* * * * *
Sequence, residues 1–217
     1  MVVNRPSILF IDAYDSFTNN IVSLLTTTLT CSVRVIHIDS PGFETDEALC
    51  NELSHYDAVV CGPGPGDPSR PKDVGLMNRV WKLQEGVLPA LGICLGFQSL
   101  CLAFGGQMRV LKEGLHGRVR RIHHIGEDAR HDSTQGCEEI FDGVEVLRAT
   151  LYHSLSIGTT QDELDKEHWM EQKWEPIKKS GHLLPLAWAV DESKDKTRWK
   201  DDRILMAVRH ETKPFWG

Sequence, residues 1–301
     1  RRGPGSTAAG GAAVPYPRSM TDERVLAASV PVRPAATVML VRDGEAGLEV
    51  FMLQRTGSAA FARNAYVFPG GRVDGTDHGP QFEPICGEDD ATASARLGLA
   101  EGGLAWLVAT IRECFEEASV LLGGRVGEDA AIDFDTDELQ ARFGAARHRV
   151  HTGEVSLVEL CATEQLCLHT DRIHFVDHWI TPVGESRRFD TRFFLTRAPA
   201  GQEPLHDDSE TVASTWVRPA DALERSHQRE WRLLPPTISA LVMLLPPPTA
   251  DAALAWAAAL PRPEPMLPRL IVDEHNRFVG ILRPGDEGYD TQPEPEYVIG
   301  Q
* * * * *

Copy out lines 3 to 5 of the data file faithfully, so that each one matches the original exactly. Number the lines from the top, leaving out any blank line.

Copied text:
    51  NELSHYDAVV CGPGPGDPSR PKDVGLMNRV WKLQEGVLPA LGICLGFQSL
   101  CLAFGGQMRV LKEGLHGRVR RIHHIGEDAR HDSTQGCEEI FDGVEVLRAT
   151  LYHSLSIGTT QDELDKEHWM EQKWEPIKKS GHLLPLAWAV DESKDKTRWK